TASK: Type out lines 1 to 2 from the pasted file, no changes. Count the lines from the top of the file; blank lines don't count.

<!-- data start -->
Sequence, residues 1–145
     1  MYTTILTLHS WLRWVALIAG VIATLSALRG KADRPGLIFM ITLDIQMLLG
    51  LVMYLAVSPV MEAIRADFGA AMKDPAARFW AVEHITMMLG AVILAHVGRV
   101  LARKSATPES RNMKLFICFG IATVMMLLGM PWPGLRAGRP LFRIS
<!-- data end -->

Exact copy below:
Sequence, residues 1–145
     1  MYTTILTLHS WLRWVALIAG VIATLSALRG KADRPGLIFM ITLDIQMLLG